Machine learning, NLP, and other AI techniques can be applied to various aspects of the lifecycle of contracts. AI can assist in risk management related to contracts by helping professionals understand and manage the rights, obligations, and risks in a company’s contracts. As a result, lawyers can rationalize the contract initiation processes, negotiations, contract drafting, and assist in managing the contracts from initiation through execution to their expiration.

Kira Systems is one of the companies working in the space that applies machine learning to help enterprises uncover relevant information from unstructured contracts and related documents.

KMStandards is another example. The company offers patented software that allows professionals to build model forms from the company’s own agreements, audit entire contract sets, and quickly review incoming contracts.

There are also companies like RAVN, Seal Software, and others successfully applying AI in contract analysis to assist enterprises in mitigating the risks and costs related to contracts.

Predictive modeling

The ability to foresee the possible outcomes of cases based on all available details and information would significantly cut the costs of litigations and court time. One of the examples of companies applying data mining and predictive analytics techniques to forecast outcomes of IP litigation is Lex Machina, which was also mentioned in the report. The company provides legal analytics to companies and law firms, promising them to craft successful strategies, win cases, and close business.

But the innovators from Lex Machina went further with Motion Kickstarter. This solution helps attorneys compare the arguments and motion styles that have been successful before a specific judge. The attorney can enter a judge’s name and motion type and instantly view the judge’s recent orders on that motion type as well as the briefing that led up to those orders. Lawyers can then compare granted motions with denied motions to see what has worked and what has not to create a winning motion strategy or approach.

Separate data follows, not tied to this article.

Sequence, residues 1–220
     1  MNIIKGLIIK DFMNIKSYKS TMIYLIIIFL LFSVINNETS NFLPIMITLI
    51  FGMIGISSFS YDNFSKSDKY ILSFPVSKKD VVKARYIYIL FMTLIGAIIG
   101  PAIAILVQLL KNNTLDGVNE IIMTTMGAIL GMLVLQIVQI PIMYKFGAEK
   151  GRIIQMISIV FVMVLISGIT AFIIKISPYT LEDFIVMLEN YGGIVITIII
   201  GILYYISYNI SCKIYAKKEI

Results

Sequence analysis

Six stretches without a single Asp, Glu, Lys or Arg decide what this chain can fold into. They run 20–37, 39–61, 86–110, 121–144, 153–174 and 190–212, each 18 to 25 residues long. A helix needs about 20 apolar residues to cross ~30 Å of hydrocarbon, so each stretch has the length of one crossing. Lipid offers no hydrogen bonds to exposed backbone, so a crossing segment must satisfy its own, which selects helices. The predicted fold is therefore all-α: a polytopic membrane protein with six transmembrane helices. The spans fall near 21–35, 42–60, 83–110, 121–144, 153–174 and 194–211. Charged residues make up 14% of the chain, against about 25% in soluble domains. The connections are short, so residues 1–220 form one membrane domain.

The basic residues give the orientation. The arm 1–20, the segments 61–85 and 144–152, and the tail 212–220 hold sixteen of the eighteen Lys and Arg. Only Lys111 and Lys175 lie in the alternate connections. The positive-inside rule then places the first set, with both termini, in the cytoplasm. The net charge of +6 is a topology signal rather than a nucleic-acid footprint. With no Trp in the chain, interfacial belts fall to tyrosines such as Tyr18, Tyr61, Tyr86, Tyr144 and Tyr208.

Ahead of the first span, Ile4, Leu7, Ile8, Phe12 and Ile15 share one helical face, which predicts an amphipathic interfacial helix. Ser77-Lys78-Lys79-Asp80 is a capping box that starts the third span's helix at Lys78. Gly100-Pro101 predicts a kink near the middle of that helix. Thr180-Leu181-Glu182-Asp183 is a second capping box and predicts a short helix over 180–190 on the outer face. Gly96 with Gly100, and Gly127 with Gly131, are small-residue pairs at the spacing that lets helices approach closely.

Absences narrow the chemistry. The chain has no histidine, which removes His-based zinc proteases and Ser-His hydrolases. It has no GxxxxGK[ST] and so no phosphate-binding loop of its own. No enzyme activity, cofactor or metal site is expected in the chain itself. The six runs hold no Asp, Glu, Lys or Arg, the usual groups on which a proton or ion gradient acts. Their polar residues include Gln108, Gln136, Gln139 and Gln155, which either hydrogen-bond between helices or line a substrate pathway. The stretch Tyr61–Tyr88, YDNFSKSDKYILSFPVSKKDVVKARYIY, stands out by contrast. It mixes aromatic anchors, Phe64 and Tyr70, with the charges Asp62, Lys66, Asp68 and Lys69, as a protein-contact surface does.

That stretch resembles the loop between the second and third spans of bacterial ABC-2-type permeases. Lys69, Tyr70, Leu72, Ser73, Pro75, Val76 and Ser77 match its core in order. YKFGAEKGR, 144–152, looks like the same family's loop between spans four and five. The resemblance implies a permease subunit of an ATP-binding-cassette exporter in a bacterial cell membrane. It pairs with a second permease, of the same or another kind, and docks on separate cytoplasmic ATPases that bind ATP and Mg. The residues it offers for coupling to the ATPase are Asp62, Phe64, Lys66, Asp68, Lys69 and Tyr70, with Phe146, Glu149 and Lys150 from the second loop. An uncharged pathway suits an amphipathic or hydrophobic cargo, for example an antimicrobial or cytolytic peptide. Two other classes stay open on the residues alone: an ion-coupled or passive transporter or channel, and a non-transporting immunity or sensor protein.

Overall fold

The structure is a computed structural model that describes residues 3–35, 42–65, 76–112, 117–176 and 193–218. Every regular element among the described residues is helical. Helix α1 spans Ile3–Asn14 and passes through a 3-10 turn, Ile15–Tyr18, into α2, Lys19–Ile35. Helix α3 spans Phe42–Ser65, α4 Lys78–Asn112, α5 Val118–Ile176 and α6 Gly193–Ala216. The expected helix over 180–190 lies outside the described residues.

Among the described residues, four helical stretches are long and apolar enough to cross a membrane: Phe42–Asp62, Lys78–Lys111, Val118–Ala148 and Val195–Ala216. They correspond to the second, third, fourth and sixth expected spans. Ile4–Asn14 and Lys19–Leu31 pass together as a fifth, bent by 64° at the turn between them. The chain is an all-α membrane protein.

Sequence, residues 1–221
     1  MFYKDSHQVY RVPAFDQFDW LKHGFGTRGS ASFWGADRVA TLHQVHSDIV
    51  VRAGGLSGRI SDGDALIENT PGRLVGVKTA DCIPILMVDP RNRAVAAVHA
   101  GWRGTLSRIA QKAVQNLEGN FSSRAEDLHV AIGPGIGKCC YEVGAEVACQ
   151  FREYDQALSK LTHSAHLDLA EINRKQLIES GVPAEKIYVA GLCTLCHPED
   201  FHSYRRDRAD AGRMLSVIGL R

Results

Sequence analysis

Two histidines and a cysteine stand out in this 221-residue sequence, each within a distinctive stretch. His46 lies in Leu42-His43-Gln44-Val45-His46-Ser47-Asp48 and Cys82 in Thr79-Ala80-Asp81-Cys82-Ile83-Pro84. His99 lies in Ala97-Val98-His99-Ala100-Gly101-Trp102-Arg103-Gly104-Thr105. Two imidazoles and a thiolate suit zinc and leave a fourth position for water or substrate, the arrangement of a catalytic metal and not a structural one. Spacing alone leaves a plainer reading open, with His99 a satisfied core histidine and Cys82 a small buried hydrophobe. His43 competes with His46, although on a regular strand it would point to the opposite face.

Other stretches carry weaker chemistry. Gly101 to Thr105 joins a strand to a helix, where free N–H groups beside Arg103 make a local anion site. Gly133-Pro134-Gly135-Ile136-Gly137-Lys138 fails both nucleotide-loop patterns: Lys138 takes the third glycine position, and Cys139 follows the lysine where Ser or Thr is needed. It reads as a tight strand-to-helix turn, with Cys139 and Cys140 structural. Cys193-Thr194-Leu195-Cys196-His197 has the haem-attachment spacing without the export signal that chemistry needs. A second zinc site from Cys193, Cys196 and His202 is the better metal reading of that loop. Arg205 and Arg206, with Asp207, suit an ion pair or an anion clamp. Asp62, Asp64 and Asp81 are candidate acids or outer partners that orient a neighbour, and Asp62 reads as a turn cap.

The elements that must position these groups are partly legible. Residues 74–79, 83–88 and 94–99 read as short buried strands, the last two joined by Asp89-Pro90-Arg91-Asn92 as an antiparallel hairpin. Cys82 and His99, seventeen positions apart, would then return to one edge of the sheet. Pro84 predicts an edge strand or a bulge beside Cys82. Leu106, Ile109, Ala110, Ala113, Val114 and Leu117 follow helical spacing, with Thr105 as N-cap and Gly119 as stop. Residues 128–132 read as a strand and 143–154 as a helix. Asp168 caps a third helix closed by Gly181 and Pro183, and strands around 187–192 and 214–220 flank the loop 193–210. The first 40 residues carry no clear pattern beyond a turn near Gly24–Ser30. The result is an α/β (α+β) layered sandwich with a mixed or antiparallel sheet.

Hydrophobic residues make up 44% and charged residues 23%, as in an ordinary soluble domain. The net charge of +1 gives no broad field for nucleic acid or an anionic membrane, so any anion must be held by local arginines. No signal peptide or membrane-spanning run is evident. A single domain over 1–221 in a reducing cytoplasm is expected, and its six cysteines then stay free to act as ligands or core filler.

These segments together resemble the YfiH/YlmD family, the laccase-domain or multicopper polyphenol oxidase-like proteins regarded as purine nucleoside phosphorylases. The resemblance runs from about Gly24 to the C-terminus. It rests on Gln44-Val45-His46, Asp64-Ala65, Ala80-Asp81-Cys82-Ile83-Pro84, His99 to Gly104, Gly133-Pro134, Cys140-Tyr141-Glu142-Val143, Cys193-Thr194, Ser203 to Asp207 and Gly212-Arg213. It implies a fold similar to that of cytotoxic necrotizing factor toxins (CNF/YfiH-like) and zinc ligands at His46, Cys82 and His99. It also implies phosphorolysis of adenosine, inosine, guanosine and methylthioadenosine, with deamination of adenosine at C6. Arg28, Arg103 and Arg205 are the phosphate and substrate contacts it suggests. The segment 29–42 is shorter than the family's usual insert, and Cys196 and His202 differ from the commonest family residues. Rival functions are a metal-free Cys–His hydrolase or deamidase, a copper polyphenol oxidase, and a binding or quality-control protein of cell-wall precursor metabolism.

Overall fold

Sky Analytics is another player in the field. It aggregates all of the company’s outside legal spends into an easy-to-understand platform. It presents unique views into the company’s data revealing new savings opportunities and helping increase value from counsel outside.

To learn about Prove’s identity solutions and how to accelerate revenue while mitigating fraud, schedule a demo today.

Keep reading

See all blogs
Prove’s Brad Rosenfeld Explains the New Customer Onboarding Process on Fast Company

No longer confined to top-of-funnel engagement and brand awareness, CMOs are now leading efforts to shape the entire customer experience journey.

Kaushal Ls
June 6, 2024
PYMNTS TV: Prove CEO Rodger Desai Explains Need for Phone-Based Approach to Authentication

Prove’s CEO Rodger Desai was featured recently on PYMNTS TV, where he met with PYMNTS CEO Karen Webster to discuss trends and shifts in the identity verification market.

Kaushal Ls
June 4, 2024
Prove’s Tim Brown Explains How to Reduce Fraud and Improve Onboarding with Identity Verification

Reporters from GreenSheet, a popular publication that highlights trends in the banking, financial services, and fintech markets, recently met with Prove’s Global Identity Officer, Tim Brown to learn how advanced identity verification solutions are driving faster and better digital customer onboarding.

Kaushal Ls
May 21, 2024